Last night Mr. Joseph Ivess, one of the candidates for the Mayoralty of Ashburton, addressed the electors. Despite a very wet evening, a large audience assembled.
The Mayor, Mr. Bullock, introduced Mr. Ivess, bespeaking for him a fair hearing.
Mr. Ivess, said that in aspiring to fill the seat Mr. Bullock now vacated, and had so worthily filled, he did so with a full knowledge of his many shortcomings. He came before what, however, he believed an indulgent audience. He had not much material to bring before them as there were but few questions agitating the public mind. When the municipal form of Government was introduced things had a far more prosperous aspect than they had now, and perhaps at this moment it would have been better for the borough if she had not sought the intervention of the Colonial Secretary to divorce her from the old Road Board. They would, however have to be content with and make the best of their situation. The funds of the borough had run very low and one of the first questions the Council would have to face would be a reduction in departmental expenditure. It was always a disagreeable duty to discharge gentlemen who honestly perform their duties, but circumstances demanded it. The first office it ought to be the duty of the Council to dispense with oramalgamate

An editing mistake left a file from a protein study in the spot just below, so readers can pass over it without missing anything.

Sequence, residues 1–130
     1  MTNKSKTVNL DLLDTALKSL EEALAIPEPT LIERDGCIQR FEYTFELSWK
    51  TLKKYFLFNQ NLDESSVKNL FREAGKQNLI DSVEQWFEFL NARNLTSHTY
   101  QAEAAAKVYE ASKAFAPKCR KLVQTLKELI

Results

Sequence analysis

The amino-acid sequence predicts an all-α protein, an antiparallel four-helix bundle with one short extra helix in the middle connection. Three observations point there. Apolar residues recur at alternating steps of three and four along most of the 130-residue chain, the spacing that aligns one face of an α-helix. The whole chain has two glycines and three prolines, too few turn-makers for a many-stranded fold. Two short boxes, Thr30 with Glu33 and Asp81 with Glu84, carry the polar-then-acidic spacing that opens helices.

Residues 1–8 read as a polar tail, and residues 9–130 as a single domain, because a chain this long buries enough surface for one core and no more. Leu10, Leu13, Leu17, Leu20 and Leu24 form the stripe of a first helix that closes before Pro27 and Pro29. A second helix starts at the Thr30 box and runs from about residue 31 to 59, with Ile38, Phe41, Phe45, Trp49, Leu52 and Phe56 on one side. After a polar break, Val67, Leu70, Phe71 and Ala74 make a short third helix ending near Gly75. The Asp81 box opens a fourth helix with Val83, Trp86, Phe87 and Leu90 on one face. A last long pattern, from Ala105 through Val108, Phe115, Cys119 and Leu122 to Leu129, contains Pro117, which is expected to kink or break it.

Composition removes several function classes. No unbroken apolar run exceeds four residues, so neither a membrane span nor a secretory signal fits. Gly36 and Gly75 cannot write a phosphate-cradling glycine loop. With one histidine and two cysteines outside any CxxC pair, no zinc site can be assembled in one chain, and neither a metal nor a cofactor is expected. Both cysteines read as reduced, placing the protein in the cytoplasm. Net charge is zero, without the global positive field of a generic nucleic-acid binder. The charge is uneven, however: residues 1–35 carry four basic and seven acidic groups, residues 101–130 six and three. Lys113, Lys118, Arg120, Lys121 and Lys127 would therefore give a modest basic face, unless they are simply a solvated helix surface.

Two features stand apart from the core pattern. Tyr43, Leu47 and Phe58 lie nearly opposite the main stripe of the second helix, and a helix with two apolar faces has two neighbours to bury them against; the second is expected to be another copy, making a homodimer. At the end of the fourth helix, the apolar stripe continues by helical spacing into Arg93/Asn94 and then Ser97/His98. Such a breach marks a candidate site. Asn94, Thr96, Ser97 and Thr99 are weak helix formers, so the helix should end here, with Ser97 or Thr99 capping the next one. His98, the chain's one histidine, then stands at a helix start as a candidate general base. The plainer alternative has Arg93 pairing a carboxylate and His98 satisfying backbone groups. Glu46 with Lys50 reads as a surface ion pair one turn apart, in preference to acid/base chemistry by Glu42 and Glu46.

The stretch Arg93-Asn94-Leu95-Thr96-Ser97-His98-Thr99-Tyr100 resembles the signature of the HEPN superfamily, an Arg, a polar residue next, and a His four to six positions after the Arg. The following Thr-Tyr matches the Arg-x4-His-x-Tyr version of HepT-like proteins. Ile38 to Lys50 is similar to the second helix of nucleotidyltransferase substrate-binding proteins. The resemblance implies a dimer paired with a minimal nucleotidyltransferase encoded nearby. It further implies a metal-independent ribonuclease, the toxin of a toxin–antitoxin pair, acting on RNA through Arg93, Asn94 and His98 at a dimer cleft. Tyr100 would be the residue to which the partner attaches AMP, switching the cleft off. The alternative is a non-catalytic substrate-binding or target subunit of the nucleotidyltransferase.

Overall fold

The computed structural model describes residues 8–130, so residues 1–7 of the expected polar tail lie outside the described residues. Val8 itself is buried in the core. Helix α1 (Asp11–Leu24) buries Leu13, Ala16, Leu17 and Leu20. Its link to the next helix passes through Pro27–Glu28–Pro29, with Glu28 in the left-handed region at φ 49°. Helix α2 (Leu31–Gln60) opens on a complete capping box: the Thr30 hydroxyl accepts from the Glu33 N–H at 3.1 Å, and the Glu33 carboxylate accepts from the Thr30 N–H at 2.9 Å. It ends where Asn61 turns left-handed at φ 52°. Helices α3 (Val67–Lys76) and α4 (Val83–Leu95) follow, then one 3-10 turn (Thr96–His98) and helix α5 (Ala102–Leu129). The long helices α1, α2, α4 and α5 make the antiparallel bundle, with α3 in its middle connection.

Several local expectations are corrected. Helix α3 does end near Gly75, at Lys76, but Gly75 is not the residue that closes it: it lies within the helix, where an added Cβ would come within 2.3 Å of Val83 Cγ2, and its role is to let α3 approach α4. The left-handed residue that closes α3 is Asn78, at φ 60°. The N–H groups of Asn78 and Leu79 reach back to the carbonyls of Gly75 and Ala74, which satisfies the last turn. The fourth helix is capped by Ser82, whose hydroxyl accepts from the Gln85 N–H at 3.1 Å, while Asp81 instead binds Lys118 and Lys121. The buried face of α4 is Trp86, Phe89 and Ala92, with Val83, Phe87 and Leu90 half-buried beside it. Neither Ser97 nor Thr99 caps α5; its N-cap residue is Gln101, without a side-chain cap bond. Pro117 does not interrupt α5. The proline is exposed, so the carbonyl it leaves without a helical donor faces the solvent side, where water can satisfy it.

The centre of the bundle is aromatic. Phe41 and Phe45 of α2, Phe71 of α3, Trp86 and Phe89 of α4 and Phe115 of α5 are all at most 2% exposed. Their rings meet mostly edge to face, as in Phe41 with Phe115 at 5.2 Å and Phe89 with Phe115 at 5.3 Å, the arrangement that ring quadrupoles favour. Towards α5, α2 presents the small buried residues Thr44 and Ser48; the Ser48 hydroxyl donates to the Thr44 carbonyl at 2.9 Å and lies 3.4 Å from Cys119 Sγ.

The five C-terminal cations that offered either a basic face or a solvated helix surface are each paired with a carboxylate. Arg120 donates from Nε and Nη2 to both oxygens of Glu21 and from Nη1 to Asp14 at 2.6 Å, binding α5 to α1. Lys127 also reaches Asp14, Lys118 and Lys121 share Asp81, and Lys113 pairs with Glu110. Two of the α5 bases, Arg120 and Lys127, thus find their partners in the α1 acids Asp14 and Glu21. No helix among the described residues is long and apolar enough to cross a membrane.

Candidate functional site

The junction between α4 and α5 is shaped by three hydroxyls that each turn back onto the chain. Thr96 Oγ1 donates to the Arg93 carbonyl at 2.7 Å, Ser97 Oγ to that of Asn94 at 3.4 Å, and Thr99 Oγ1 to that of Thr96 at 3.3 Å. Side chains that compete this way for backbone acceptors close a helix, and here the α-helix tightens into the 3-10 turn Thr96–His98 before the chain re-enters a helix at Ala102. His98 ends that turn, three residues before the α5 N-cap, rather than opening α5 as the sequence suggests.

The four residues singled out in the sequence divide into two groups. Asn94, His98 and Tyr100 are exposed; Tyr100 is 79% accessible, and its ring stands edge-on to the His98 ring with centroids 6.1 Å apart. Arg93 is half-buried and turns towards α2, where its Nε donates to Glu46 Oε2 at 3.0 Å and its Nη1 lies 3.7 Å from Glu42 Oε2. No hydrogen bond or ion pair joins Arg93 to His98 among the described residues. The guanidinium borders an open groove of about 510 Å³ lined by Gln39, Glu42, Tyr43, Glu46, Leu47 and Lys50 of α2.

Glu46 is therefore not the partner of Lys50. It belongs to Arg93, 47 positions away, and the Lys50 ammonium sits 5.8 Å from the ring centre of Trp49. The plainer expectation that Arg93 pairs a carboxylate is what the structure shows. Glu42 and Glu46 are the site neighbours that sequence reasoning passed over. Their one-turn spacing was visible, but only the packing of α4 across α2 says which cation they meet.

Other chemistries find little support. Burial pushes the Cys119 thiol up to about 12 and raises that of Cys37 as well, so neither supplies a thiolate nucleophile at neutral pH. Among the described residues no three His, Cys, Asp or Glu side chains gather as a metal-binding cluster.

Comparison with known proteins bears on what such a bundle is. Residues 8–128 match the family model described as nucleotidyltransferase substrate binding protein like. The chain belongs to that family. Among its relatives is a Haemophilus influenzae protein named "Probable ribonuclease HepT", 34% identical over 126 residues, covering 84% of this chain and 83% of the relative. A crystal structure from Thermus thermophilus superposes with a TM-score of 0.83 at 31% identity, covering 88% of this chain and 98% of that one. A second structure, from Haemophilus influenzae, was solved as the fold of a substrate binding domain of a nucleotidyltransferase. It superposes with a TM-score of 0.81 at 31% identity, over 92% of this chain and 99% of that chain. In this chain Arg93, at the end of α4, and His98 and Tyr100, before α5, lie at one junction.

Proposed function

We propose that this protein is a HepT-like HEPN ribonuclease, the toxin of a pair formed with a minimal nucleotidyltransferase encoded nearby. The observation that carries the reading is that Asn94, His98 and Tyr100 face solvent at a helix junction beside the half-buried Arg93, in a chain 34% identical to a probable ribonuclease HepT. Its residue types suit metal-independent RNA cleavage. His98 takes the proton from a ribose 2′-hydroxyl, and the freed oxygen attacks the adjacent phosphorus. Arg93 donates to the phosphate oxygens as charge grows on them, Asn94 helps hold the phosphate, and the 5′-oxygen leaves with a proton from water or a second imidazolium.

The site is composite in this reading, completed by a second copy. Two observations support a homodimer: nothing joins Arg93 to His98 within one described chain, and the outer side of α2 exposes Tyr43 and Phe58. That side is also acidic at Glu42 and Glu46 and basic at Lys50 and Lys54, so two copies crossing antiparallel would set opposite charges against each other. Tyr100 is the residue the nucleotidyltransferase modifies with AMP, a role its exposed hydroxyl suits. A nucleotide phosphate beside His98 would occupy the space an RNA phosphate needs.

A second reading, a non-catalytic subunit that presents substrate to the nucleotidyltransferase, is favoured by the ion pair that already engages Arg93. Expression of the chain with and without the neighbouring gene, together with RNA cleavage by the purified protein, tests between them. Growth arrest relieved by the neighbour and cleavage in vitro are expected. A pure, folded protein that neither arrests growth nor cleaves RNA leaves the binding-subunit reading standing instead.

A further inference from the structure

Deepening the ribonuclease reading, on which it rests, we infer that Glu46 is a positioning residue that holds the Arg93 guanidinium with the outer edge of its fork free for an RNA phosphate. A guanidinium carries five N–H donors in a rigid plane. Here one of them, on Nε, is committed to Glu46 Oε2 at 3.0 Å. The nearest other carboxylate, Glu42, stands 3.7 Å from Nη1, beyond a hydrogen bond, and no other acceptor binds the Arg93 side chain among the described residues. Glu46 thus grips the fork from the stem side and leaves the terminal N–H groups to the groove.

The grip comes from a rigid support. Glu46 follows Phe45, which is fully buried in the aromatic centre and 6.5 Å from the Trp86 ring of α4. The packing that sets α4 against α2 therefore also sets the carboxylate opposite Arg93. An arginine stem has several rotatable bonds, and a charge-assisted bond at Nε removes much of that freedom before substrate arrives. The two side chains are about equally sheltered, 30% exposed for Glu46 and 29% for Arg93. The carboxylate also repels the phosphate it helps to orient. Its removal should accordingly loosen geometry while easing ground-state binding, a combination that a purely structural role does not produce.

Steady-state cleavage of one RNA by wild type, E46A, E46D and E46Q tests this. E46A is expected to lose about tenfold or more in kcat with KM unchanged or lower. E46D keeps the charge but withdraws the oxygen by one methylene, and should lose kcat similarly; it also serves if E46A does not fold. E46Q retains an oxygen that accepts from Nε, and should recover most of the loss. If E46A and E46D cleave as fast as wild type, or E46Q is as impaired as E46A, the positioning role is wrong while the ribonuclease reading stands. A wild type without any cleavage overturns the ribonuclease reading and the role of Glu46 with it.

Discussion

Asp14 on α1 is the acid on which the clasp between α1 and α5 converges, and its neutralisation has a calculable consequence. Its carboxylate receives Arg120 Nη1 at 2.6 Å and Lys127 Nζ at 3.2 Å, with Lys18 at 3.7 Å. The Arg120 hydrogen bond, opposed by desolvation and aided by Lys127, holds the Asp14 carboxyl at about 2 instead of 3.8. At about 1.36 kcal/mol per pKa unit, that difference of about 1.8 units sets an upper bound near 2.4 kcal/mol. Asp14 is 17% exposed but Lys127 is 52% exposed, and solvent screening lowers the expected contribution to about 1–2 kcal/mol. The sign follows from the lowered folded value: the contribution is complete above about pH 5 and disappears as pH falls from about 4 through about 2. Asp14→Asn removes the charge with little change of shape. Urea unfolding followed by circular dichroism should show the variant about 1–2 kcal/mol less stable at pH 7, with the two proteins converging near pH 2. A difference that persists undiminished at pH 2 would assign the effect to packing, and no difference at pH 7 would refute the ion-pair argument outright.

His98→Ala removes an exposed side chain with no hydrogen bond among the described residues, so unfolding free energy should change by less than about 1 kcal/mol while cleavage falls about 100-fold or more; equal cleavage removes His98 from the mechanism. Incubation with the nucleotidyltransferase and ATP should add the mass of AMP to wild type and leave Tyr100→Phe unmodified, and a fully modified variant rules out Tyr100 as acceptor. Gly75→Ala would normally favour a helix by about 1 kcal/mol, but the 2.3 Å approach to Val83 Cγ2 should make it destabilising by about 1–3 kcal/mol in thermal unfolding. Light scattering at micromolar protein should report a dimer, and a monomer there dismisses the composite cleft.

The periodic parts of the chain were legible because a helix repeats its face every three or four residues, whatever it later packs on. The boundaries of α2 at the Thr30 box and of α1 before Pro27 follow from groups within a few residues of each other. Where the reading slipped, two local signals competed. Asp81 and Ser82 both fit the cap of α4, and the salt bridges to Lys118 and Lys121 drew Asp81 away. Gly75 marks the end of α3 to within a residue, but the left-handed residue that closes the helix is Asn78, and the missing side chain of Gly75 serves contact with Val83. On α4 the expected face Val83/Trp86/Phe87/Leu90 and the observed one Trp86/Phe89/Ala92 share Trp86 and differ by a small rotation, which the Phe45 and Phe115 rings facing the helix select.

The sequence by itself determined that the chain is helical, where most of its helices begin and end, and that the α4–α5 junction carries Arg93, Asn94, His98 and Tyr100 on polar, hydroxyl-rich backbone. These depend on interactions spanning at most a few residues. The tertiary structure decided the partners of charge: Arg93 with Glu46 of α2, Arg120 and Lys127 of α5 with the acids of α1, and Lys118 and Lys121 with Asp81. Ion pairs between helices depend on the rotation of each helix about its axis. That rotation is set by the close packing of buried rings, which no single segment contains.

with some other would he the Town Clerk. The Road Board in this district and elsewhere passed a far greater amount of money through their hands; and they did so with only one officer, who united in his person the clerical office and that of Engineer. Auothei officer who ought to be dispensed with was the Borough Solicitor. Mr. Ivess then summed up the probable annual income, of the Borough as follows ; —Rates, £1,155 ; licenses, £385 ; dogs, £SB ; cottage rents, £52. The masts of a ship were very useful, but when a vessel was on her beam ends it was necessary to cut them away to save the ship. The Council was in that position, and their officers were the masts they would require to cut away. He then referred to the reserves belonging to the Borough, suggesting that in letting them a clause should be introduced demanding a certain extent of improvements. This would prevent the locking up of the land. ’He had never known any town in which the reserves were scattered over it, and left open, but which was retarded, and he advocated letting them for building purposes. He fancied an error, —a want of judgment—had been committed in the recent appointment of a valuator. He considered that the tender of Mr. Ansteo for £ls, being passed over, and also an intermediate one for £27 ; and the acceptance of one for £4O: was an injustice. Mr. Anstee was just as competent—just as intelligent—and from his building knowledge better qualified to be the borough’s valuator than the one who got the appointmont. No section of the Council had any right to set themselves up as the judges of any tenderer. The speaker then referred to the vJater supply. It would be impossible to carry out the water scheme the Council had in view, and for which two shipments of pipes were on the way—without the floating of the loan of £15,000 recentlypassed by the ratepayers. Pessimists may growl about it, but it would have to be raised, if the water scheme was to bo carried out. He had no doubt this could be done as some other small loans had been raised by the Union Bank —the loan for Hawkes Bay, and the Christchurch Cathedral loan. He then referred to the drainage question, which he held was one that ought to be grappled with, seing that there were several hotbeds of disease here .and there throughout the borough. After a further reference to the loan the speaker said lie favored Mr Hutchison’s Municipal Corporations Amendment Bill ; a clause of which provided for the abolition of Assessment Courts and the substitution of the Town Council as the sole valuing authority. On the subject of tree planting, Mr. Iveas acknowledged the aid he had received while he was in the Council from Mr. E. Saunders, and he hoped that advantage would be taken of the provisions or any Act that would enable' them to turn their belts into shady avenues. The footpaths in the town were then criticised, and Mr. Ivess said that the gravel should bo screened before it was put upon the paths. He had heard that it was said ttie present Councillors had expressed themselves as opposed to his election. He had never been on any other than courteous terms with his fellow Councillors, and he had no doubt if lie were returned as Mayor he would be able to secure the courtesy and good feciing of the Council, as he would be able also to guide their deliberations. He was quite sure this rumor was an invention of the enemy. The election up to that time had been conducted with good feelmg, and he hoped it would be continued throughout. He asked any ratepayer to question him on subjects of interest to the borough. The speaker was occasionally applauded during the delivery of his speech. Mr. Joseph Leggat wished to know if it was Mr. Ivess’ opinion that the Council would be a more impartial judge than the R.M.